Arizona Hunting Season
Get Ready For Hunting Season
October 1, 2019
Arizona is blessed by an abundance of gorgeous hunting country, but that also means that hunters have a lot of ground to cover while hunting. Optics are crucial in most western hunts, but particularly in hunting Coues deer. There's more to "glassing" than just sitting down with a pair of binoculars, so I'm sharing some tips from Leupold, makers of some of the finest optics I've ever used. I'll also share some tips on ammo, gear to carry, and more.
Most hunters carry binoculars, but the serious ones usually add a spotting scope to the mix. Spotting scopes are bigger and heavier, but they also have a lot more power and will allow you to peer under the brush for a very long distance. The general rule, says Leupold, is to use the binoculars first. Get comfortable, get the binos steady, and start searching. If you detect movement, switch to the spotting scope for better identification. I know from experience how hard it is to see antlers on a deer that is bedded down under a tree half a mile away. A spotting scope makes it a lot easier.
Look Closer As Well
When you first sit down to do some serious glassing, it's natural to look far away from where you are. But don't forget to look closer as well. I've had Coues deer bedded down just a few yards away from me, and they'd stay there while I walked right past. One way to pattern your glassing is to divide the landscape into grids roughly the size of your field of view. Scrutinize every inch before moving on to the next portion.
Crucial: Comfort, Stability
Comfort and stability are crucial to successful glassing. Margie and I carry inflatable cushions to sit on – they hardly take up any room and weigh only a couple ounces, but they make a big difference as opposed to sitting right on a rock for several hours. Also, pick your spot wisely. Stay away from those giant ant nests, for example. Try to find a place where you can be in the shade. This will not only keep you comfortable, it will help conceal you from any deer that are watching from across the way. You can rest your elbows on your knees to stabilize your optics, but honestly, tripods are better. In spite of the extra weight in your pack, you'll be glad to have them.
Leupold suggests that instead of twisting your eyecups all the way out, leave them all the way in, rest the top of the eyecups on your brow, and slightly tilt your head down while leaning into the binoculars. This, they say, puts less pressure around your eye sockets and gives you a more comfortable neck position while opening your field of view. You can also put your fingers against the brim of your cap for even more stability. Margie and I also use binocular shades – they fit over the eyecups and then go up and around to block out vision and light from the sides. They really help, especially if you wear glasses.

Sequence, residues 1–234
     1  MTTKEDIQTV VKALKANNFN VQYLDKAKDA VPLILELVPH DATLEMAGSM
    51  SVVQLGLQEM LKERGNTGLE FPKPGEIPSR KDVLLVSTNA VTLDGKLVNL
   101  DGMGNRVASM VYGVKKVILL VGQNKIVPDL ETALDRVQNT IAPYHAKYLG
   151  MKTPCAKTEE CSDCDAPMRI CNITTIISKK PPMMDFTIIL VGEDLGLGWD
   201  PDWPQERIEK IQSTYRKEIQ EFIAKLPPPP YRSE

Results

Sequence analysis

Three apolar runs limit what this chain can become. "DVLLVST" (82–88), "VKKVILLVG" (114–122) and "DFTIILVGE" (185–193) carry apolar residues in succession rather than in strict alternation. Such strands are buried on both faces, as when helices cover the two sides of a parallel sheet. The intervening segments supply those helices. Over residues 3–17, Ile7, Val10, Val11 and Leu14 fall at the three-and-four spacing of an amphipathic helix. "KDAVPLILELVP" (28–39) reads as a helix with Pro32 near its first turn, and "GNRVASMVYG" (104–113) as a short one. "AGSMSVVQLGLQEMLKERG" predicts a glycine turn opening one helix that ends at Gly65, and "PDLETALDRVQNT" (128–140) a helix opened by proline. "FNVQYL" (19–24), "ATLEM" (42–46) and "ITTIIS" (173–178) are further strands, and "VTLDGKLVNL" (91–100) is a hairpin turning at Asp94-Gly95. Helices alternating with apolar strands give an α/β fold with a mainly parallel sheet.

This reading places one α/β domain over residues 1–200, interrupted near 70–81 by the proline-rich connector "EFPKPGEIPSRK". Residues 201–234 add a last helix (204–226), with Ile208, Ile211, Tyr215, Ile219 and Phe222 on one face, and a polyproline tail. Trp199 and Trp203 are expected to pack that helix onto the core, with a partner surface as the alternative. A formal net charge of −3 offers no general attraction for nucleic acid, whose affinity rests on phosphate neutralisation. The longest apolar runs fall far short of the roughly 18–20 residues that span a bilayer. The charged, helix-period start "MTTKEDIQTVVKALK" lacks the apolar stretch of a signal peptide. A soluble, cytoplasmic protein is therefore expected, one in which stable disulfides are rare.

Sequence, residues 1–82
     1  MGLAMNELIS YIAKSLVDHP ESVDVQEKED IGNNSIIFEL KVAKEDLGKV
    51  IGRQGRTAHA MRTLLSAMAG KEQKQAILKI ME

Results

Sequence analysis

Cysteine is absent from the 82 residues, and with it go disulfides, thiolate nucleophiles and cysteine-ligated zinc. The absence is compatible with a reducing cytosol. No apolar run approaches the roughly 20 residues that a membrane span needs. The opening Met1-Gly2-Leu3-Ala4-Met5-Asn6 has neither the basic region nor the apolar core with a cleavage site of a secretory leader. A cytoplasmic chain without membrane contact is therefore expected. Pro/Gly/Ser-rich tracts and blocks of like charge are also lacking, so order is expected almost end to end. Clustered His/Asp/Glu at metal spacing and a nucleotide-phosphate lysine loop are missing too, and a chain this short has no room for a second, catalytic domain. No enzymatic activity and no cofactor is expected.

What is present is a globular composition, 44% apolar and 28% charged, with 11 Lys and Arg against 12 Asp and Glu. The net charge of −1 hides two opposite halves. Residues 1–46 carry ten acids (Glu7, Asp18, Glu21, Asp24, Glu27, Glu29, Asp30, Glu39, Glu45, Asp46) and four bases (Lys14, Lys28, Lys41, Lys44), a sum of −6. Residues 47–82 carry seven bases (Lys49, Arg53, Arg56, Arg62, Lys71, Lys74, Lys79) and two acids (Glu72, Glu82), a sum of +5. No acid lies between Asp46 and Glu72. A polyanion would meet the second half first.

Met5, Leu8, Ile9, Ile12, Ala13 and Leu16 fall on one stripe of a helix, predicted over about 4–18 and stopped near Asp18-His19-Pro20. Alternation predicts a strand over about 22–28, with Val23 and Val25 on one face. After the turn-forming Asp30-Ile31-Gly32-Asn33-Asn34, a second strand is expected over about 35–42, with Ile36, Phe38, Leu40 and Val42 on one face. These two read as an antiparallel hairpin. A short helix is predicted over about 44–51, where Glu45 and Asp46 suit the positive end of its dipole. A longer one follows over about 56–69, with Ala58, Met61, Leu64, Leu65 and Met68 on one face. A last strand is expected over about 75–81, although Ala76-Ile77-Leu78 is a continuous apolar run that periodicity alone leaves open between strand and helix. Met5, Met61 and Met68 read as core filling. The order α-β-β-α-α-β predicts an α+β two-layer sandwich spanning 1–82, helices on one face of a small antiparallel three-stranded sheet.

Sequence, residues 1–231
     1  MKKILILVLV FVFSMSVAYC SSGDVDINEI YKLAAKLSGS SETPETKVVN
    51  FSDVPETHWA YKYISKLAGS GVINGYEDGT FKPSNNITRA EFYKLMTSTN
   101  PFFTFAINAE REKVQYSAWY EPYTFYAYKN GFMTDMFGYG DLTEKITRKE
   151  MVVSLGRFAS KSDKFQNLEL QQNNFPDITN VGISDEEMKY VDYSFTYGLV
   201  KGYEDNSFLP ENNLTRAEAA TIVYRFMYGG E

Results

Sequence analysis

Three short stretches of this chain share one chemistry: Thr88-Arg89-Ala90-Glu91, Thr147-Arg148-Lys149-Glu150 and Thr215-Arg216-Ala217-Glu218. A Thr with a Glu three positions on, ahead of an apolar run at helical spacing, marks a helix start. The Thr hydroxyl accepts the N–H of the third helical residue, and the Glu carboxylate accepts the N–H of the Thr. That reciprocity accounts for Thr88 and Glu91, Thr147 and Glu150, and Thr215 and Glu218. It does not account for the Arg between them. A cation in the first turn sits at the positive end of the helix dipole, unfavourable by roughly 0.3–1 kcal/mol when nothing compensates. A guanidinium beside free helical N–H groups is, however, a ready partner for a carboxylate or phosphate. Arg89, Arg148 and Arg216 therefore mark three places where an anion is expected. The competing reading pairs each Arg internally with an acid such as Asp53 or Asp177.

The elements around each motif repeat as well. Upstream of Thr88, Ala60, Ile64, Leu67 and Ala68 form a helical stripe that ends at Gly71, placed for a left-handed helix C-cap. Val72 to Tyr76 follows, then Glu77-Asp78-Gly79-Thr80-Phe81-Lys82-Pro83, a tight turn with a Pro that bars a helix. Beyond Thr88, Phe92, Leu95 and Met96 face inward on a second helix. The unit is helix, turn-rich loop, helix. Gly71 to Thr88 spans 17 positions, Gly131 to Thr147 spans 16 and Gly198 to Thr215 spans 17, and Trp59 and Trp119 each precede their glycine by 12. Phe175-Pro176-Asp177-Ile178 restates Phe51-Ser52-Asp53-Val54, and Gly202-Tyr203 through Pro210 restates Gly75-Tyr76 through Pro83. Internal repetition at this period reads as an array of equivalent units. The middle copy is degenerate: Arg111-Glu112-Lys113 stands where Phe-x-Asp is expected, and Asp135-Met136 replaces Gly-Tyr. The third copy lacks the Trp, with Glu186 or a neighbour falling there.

One thing I do before every hunting trip is head to the range with my hunting rifle to make sure it is dialed in. I like to try a variety of different brands of hunting ammo to see which ones work best in my rifle, but the key is to make sure it is properly sighted in and shooting accurately.
A commercial shooting range is ideal for this, since they have ranges where you can set targets at different distances, and those distances are accurately measured out for you. Make sure you set your rifle firmly on a vise or use sandbags or something so that all you need to do is squint through the scope and pull the trigger.
Need To Knows
There are a couple of things that help with this process. Bring the directions to your scope or sights with you. It can be hard to remember details while you're at the range. I mean details like "how far does one click move the center up, down, or sideways"? This stuff is crucial. You can get there eventually by trial and error, but it's so much easier if you can just move it the right number of clicks right off the bat.
It's also good to have ballistic information about the ammo you're shooting. You need to know things like how much the bullet will drop at various distances and how much hitting power it has when it gets there. Once I choose my ammo, I used to write this info on a piece of painters tape and wrap it around my gun stock, but now I have a new Leupold scope with CDS and they just sent me a dial for my scope, custom made for the ammo I plan to use. All I have to do is use the rangefinder to get the distance, then dial that into the scope. Done.
Must-Carry Hunting Gear
The older I get, the lighter I want my pack to be when I'm hunting. That said, there are still things that I consider to be absolute must-haves when I'm out hunting. First of all, let me say that I no longer backpack-hunt. I have a base camp I return to each night, so that makes things much easier. So here's what I carry.
1. Rifle, of course, but with a good strap that I can use not only to carry it, but to steady it if I have to shoot off-hand. Extra ammo, but not too much. Ammo is heavy.
2. Binoculars. I have a small, light, but excellent pair.
4. Spotting Scope
5. Water and electrolyte pouches
6. Food – lunch and snacks
7. Hunting knife and sharpener
8. LifeStraw in case I run out of water
9. Animal prep supplies: plastic gloves, hand towel, bags for meat.
Margie and I stay together, so she carries this stuff:
1. Rifle and ammo
5. Water and electrolyte pouches
6. Food – lunch and snacks
7. Maps and compass
8. Walkie Talkies – so one can stay and direct the other to the downed animal
9. Life Straw
10. First Aid kit
These are what I'd consider to the be absolute minimum. You can add as much stuff as you can carry, but I find that the more I carry, the less distance I can cover. Since bagging a good deer usually means being at least one ridge away from a road, distance is crucial. We both also usually carry a sidearm, and I'll talk more about that, and about the best holsters for carrying while hunting next month.